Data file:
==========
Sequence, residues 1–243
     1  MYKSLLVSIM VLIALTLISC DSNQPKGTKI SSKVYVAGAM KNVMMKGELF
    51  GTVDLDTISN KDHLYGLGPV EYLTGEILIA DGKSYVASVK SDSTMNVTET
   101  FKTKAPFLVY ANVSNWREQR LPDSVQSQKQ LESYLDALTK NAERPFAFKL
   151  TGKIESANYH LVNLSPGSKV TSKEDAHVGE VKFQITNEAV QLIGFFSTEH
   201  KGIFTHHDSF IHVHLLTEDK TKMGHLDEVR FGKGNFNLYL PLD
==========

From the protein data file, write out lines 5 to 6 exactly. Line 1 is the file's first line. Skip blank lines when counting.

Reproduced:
   151  TGKIESANYH LVNLSPGSKV TSKEDAHVGE VKFQITNEAV QLIGFFSTEH
   201  KGIFTHHDSF IHVHLLTEDK TKMGHLDEVR FGKGNFNLYL PLD